History of Ashbury
The name of the suburb "Ashbury" was arrived at as the area is located midway between Ashfield and Canterbury. The first section of the name Ashfield was taken together with the last section of the word Canterbury. The area was previously known as Goodlet's Bush Area. Development of the area began about 1919.
Ashbury was in the area once belonging to Canterbury Farm, which was owned by R. Johnson in 1793. After a succession of owners of the Johnson Grant, Robert Campbell bought the land mainly to accommodate the overflow of imported cattle rejected by the government. In 1840, Robert Campbell was approached by two entrepreneurs, William Child and Francis Kemble, to sell them part of his land as a site for a sugar processing factory.
Robert Campbell died in 1846, and under the terms of his Will, his estate was divided six ways. About 1850, Jeffreys, Campbell's son-in-law, engaged the architect Edmund Blackett to design for him a gentleman's residence. This residence became known as Canterbury House. While Canterbury House was still being built, a railway line was under construction from Sydney to Parramatta Junction.
Jeffreys died in 1861, and his family returned to England, severing the direct connection between the Campbell Family and Canterbury, which had existed for nearly 60 years. Canterbury House was leased through the 1860s and 1870s to various people. In 1876, Canterbury House and the surrounding area, was sold to John Hay Goodlet.
John Hay Goodlet died in 1914, leaving his property to his second wife. She began to subdivide the paddocks of Goodlet's Bush (the area surrounding Canterbury House) into suburban allotments, and gradually the suburb of Ashbury took shape. A site in Trevenar Street was resumed for a public school on 2 November 1923, and lessons commenced the following year in the local hall. The name of the school was changed from South Ashfield to Ashbury in 1926, and the new buildings opened in August 1928.
Land for a Catholic Church was bought on the hill behind Canterbury House by the Vincentian Fathers on February 1924. The first masses were held in a marquee in 1929, and St. Francis Xavier's Church-School opened the following year. Teachers were provided by the nuns of the Ursuline Order, who opened a convent, then St Ursula's secondary school (closed 1965), on land opposite the church. Land for the Methodist Church at Ashbury was purchased on 18 August, 1924, and a church was erected and opened in April, 1926, by the Rev. H. H. Nolan.
A non-official post office was established at Ashbury on 7th June, 1926. The first Postmistress was Elizabeth King and the first office was at 32 King Street, Ashbury. The Canterbury Race Course and the Ashbury Bowling Club, together with the Canterbury High School, are situated along Ashbury's south eastern boundary.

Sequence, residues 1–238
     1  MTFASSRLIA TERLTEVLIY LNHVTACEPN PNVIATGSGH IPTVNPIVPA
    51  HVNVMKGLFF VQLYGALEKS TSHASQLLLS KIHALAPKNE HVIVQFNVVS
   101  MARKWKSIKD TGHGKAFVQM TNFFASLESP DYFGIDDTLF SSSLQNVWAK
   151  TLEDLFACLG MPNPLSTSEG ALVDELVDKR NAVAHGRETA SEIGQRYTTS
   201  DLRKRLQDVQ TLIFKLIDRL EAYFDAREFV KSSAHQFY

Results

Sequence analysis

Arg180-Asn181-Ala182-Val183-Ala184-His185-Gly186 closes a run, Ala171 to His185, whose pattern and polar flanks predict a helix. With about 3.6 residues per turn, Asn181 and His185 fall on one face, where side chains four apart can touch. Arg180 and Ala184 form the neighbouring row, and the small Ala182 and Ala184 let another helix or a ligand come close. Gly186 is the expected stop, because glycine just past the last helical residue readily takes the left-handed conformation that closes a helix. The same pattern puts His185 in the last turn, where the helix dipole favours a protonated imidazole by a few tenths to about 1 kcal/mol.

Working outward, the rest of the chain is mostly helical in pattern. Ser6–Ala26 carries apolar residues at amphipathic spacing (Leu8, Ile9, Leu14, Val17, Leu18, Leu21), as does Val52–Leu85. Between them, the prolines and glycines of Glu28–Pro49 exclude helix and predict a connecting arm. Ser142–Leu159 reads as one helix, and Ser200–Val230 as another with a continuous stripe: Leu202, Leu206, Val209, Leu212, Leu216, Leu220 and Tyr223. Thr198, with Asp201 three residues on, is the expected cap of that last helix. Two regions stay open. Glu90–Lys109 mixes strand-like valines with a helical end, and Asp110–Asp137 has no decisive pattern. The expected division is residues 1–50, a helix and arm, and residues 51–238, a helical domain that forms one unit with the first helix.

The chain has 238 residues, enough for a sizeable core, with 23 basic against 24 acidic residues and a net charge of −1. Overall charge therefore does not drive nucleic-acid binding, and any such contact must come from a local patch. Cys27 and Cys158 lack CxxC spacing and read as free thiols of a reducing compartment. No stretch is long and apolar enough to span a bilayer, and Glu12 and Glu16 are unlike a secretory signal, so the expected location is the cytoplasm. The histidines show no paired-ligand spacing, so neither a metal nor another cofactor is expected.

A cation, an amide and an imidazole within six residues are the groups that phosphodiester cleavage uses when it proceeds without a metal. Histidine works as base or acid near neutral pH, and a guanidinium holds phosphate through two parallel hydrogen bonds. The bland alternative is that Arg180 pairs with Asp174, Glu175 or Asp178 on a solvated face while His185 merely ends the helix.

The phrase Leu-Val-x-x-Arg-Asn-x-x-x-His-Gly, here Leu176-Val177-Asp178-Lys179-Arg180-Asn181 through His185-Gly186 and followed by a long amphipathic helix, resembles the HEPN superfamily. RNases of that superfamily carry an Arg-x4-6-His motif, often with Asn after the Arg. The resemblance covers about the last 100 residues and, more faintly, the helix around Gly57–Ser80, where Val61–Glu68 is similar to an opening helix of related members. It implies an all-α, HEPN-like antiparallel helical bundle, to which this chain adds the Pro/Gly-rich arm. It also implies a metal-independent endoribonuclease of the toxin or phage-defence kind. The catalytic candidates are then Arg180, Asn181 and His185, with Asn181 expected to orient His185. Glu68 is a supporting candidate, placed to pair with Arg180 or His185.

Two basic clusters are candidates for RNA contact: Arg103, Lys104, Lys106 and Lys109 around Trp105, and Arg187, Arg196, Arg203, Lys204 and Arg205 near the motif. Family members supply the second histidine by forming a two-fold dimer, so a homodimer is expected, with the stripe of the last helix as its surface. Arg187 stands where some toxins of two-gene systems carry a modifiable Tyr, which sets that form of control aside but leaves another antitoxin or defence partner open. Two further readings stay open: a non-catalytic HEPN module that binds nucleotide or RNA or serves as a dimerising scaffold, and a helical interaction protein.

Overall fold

Many of the street names in Ashbury are derived from those of Goodlet and his two wives, Anne Alison Panton and Elizabeth Mary Forbes. Elizabeth died in 1926, and Canterbury House was given to the Presbyterian Church as a site for a college. The last of the land surrounding the house was sold by the church in 1928, and eventually the house itself was demolished to build suburban houses. With the last subdivision of Canterbury House Estate, the last recognisable piece of Campbell's Canterbury Estate disappeared. The outlines are now difficult to define.
The highest point in the Canterbury Local Government Area, Peace Park is situated on corners of three properties originally granted in the 1790's. The South Ashfield Brick and Tile Company once operated the South Ashfield Brickworks (later called the Ashbury Brickyard) from this site. This Company was incorporated in 1910 and tapped local Wianamatta Series shales "to manufacture and sell brick tiles, drain pipe and all kinds of pottery ware".
The seven subscribers, who each took up one share, were:
- W. J. Loudon
- H. E. Pratten
- H. G. Spencer
- George Holland (builder)
- C. H. Crammond (estate agent)
- David Abel (plumber)
- David Aiken (solicitor)
In 1924, the Suburban Land and Investment Co (who purchased property in 1911), sold strips of land along King, Holden and the eastern end of Goodlet Street's to three builders. It is most probably this team who erected the houses that now front onto the streets around Peace Park.
Just prior to the purchase of the works property by Brickworks Ltd in 1938, two young boys, Charles Dunn, aged nine, and his brother William, aged six, who lived nearby in Holden Street, drowned in the pool at the bottom of the unused pit.
The date brick production ceased is unknown, however, the quarry was still providing shale to the company's works at Burwood in 1965. The disused brick pit was purchased by the NSW Government in 1978 for use as open space. The surviving single stack and kiln were demolished in 1987 by Canterbury Council to make way for Peace Park which was so named in recognition of the International Year of Peace.
Peace Park features a ceremonial paved area to pay tribute to the site's previous history of brick manufacture. Trees, symbolic of peace in both Eastern and Western cultures, were planted by students of Canterbury Girls High School during 1992. Peace Park was officially opened during 1993.